The Missouri Bar President Comments on Resolution Aimed at Letting Politicians Hand-Pick Judges

President Lynn Whaley Vogel Says Constitutional Amendment Would Inject Money and Politics into Process of Choosing Appellate Judges


March 22, 2012

JEFFERSON CITY, MO – Missouri Bar President Lynn Whaley Vogel today commented on the Missouri House’s Special Standing Committee on Judicial Reform’s vote to advance House Joint Resolution 44 as amended.

“The Missouri Bar strongly opposes House Joint Resolution 44 as it would inject politics and money into Missouri’s currently non-partisan and proven system of selecting judges. HJR 44, as it stands, would shove aside candidates’ qualifications and abilities in favor of political donations and connections. Even more disheartening, it would weaken the public’s faith and trust in our courts.

This resolution would let politicians hand-pick judges through three new power plays.

First, it would bring politics and money into the process by making the governor’s appointments to the commission subject to the advice and consent of the Senate. Senate confirmation of commissioners is injecting a level of politics where none is needed. What was a non-partisan plan would become a thoroughly partisan plan as high-profile appointments are routinely used as political bargaining chips for wholly unrelated issues. This session to-date, the most important of the governor’s appointments have either been stalled, withdrawn, rejected or are still pending confirmation.

Second, it allows the governor to appoint a majority of the commission to serve in terms that would run concurrent with his or her term in office. By also allowing the Senate Leader and House Speaker to appoint members, it shifts the commission make-up to include six members chosen by politicians with only three attorney members elected at large. This is a gross abuse of the balance of power.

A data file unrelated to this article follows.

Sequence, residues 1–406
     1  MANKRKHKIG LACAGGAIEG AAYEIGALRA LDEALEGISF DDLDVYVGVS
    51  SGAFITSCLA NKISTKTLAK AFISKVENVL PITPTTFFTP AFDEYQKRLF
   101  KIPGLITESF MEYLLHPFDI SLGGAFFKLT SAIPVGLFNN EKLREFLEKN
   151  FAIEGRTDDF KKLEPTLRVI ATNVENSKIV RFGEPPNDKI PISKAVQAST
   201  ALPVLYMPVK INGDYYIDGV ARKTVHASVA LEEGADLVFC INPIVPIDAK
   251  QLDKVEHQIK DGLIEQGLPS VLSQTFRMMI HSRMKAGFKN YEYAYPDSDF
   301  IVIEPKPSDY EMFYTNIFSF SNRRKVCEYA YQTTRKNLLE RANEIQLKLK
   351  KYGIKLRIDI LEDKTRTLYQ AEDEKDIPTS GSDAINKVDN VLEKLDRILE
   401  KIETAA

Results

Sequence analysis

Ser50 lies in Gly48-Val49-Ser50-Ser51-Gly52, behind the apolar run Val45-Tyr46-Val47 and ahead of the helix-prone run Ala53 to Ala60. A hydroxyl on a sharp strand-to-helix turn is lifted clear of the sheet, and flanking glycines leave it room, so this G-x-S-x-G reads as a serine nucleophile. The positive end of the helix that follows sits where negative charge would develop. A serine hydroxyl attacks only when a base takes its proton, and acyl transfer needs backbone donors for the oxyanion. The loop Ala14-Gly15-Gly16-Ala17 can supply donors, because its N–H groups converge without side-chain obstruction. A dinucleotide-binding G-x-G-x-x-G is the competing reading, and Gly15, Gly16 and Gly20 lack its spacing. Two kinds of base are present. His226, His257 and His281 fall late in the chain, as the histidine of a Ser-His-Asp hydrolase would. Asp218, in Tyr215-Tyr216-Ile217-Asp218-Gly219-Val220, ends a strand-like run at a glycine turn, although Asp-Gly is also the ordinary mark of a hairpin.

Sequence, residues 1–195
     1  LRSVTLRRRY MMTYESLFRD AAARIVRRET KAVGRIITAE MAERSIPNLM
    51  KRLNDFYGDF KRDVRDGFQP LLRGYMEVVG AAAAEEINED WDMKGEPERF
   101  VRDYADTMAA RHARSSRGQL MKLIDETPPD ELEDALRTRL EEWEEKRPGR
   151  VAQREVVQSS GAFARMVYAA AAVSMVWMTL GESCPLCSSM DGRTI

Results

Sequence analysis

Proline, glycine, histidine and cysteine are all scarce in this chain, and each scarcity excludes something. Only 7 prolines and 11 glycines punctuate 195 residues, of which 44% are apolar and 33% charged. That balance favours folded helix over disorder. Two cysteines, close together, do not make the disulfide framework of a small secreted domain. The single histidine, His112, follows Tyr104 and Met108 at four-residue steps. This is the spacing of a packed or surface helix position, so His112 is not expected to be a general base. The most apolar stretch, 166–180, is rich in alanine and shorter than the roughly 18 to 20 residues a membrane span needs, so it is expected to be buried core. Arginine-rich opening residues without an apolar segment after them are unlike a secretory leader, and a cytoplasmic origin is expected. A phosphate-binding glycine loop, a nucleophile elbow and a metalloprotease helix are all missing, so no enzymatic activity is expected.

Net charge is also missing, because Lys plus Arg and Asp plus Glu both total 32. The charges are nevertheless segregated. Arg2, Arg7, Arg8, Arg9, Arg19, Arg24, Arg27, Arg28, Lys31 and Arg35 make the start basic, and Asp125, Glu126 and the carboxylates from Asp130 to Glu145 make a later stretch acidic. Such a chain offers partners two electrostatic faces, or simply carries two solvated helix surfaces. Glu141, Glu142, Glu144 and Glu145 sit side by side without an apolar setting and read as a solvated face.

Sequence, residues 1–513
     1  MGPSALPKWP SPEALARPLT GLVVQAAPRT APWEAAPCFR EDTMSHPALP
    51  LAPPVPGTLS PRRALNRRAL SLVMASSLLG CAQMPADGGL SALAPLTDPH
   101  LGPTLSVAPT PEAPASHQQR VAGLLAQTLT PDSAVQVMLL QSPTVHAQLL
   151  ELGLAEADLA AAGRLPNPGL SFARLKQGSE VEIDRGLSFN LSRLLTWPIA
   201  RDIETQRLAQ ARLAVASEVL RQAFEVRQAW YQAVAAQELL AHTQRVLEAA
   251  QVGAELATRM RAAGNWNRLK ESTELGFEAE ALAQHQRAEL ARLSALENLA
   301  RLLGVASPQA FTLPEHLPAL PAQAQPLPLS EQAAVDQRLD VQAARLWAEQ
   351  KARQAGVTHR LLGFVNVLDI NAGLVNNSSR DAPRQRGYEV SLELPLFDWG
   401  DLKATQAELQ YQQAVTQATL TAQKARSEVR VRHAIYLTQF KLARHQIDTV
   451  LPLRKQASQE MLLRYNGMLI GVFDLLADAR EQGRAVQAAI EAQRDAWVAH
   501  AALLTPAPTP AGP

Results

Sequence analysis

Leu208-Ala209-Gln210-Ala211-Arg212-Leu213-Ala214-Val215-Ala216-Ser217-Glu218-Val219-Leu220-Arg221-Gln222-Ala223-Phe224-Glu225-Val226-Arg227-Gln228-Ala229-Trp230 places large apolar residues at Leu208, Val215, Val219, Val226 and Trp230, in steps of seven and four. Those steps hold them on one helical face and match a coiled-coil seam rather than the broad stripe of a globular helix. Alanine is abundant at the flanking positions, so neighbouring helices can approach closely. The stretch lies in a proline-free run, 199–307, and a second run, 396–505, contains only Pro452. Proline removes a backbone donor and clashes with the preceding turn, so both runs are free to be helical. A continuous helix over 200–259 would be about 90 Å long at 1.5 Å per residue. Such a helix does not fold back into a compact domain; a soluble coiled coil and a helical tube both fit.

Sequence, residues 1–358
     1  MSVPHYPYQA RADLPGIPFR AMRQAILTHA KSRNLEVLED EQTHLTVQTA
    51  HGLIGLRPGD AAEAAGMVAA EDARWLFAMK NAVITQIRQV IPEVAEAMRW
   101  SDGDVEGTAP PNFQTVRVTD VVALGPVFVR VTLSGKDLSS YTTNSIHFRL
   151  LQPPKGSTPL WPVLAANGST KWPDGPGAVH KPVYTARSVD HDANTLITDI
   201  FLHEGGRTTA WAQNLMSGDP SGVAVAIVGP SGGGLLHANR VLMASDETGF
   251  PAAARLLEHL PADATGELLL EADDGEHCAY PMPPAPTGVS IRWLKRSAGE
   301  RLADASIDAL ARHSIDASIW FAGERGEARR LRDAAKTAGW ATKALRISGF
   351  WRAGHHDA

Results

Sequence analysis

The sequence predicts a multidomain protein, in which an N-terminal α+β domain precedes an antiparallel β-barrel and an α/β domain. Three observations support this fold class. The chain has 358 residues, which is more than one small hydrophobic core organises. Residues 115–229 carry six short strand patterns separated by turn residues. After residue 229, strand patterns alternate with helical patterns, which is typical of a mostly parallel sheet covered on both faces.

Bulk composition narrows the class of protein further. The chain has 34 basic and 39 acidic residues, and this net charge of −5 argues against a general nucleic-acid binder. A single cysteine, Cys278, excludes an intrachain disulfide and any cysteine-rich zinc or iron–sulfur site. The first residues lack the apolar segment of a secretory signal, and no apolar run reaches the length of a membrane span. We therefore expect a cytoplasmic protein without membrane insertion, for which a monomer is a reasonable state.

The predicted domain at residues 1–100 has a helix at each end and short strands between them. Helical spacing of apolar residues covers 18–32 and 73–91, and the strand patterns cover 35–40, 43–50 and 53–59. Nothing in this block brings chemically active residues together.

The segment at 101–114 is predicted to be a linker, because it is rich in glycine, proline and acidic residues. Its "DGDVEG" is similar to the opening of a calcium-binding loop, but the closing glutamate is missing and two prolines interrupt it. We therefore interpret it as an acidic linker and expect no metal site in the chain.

Third, HJR44 would more than triple the number of applicants the governor can pick from while removing the one person on the commission who has the most experience. By growing the applicants recommended from three to ultimately ten, it means a governor would have the power to ignore the carefully considered recommendations of the commission, requiring them to pick five less-qualified candidates or a second-tier for the governor to consider. And by eliminating the requirement that a member of the Supreme Court of Missouri serves on the Appellate Judicial Commission, the resolution removes the one person with the most experience and ability to judge a candidate’s skills, knowledge and suitability for the bench.

HJR44 unleashes politics into a non-partisan process that has been adopted twice by Missouri voters, has been copied by more than 30 states and has a more than 70 year proven record of working for Missourians by providing fair and impartial judges.”

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